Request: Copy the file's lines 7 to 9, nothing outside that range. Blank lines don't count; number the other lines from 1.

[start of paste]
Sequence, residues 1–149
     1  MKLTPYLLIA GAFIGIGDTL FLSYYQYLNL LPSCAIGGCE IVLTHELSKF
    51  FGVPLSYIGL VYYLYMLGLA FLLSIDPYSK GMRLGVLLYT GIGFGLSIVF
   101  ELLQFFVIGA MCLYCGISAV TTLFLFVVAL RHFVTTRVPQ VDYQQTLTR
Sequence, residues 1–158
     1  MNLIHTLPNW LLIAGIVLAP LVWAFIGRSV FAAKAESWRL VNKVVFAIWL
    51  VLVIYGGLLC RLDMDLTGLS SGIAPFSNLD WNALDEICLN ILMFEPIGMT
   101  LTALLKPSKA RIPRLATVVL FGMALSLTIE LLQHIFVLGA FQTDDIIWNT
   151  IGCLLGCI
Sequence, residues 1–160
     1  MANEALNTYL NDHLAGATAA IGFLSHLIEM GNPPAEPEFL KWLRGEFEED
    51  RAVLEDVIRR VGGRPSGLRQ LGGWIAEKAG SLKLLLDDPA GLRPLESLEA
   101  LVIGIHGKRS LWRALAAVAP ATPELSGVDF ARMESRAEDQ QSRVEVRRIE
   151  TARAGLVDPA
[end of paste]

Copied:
    51  VLVIYGGLLC RLDMDLTGLS SGIAPFSNLD WNALDEICLN ILMFEPIGMT
   101  LTALLKPSKA RIPRLATVVL FGMALSLTIE LLQHIFVLGA FQTDDIIWNT
   151  IGCLLGCI